Thursday, April 18, 2019

Why DeVos Doesn't Care About Charter Closings

During the recent House hearings, Betsy DeVos was confronted with some of the results of the Network for Public Education study of federal dollars going to charters, a huge number of which have closed or never even opened. She was unmoved:

Let me first comment on the study you’re referring to. I’m not sure you can even call it a study. We’re looking more closely at it of course, and anything that is truly waste, fraud, or abuse we will certainly address. But the reality is that the study was really funded by and promoted by those who have a political agenda against charter schools. And the other reality is that there are currently over one million students on wait lists for charter schools in the country. So, we want to see more charter schools, not fewer. More students that can access options that are right for them, not fewer.

This week Diane Ravitch and Carol Burris of the NPE wrote an open letter to DeVos further detailing some of the fraud and waste. Here's a collection of 109 charters in Michigan that took federal grant money and closed, or never opened at all. They amount to over $20 million in federal money that is simply gone with nothing to show for it (remember, this is only looking at the charter grants issued by the Department of Education-- if we start looking at all charters funded through various state and philanthropic money, the list gets much longer). Ohio, California and Louisiana are other bad examples. Ohio flushed away over $35 million-- 40% of the federally funded charters failed.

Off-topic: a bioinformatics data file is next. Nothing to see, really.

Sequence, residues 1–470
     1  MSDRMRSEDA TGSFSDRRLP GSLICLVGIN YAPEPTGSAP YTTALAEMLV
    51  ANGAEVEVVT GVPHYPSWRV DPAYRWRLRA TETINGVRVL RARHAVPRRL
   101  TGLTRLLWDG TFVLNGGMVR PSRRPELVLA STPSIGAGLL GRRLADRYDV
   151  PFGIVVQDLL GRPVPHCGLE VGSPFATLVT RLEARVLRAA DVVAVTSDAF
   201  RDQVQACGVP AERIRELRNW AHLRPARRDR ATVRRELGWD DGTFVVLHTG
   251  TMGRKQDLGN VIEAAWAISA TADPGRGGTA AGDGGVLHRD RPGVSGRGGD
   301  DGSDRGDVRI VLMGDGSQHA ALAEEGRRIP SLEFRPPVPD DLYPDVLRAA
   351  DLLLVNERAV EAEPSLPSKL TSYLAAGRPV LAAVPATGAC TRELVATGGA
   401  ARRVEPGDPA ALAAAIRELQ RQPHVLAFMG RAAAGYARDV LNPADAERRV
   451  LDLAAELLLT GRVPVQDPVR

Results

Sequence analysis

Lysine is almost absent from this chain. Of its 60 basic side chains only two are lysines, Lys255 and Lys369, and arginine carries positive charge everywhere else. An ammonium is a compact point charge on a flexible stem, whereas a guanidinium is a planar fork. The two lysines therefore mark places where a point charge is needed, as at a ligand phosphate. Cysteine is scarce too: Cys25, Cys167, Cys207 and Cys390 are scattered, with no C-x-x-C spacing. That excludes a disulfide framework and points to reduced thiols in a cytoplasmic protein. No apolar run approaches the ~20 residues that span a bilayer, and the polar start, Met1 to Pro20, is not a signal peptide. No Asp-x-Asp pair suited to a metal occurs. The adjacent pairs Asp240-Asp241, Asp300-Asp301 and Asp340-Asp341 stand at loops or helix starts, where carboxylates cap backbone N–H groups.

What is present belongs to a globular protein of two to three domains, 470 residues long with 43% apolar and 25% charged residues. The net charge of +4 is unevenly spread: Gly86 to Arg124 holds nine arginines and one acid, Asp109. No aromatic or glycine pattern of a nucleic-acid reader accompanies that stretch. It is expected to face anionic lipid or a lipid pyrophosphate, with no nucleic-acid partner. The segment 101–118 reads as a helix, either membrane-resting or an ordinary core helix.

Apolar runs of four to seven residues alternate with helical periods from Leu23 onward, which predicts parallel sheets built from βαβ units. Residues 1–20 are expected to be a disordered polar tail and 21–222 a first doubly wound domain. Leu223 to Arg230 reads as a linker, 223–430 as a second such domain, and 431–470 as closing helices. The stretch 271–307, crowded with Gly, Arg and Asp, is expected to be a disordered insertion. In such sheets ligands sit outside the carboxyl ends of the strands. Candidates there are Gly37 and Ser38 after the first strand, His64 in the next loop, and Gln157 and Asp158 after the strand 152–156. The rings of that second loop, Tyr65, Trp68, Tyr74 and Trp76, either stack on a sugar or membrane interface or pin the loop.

None of this is likely to matter to DeVos. Like many free market true believers in the reformster world, she is going to view the closing and churning of charters as a feature, not a bug. This is how the market they envision is supposed to work-- schools are opened, some thrive, some fail, the failed ones close to be replaced by some other enterprising entrepreneur. It is, I think, one of the great ironies of hard right conservative Christians like DeVos-- on the one hand, they reject the notion of biological evolution, but on the other hand, they absolutely believe in survival of the fittest. Propping up a failing business goes against the law of nature.

That's why the hearings also included an exchange with Senator Jack Reed about infrastructure. He points out that there are school buildings that need to be rescued and updated and mentions his plan to invest 100 billion in infrastructure, to which DeVos replies:

Well I think it’s an interesting proposal. A very costly one at that. I think what I would actually advocate for is giving more students and more parents more freedom and choices to find the right fit for their child’s education. I think we are going to make more progress and have more gains in student achievement if students are able to find schools and education environments that work specifically for them. 

Don't bail out the struggling public schools. Let them fail. Betsy "Public education is a dead end" DevVos has certainly tipped her hand before, and Valerie Strauss picks out what might be the critical quote of the hearing:

“We need traditional public schools to be held to the same accountability standards" as charter schools.

Which pairs up with this another response to the NPE report:

When you have experimentation you are always going to have schools that don’t make it and that is exactly as what should happen. They should close. And let’s also look at how many traditional public schools have closed because they are not doing well for their students.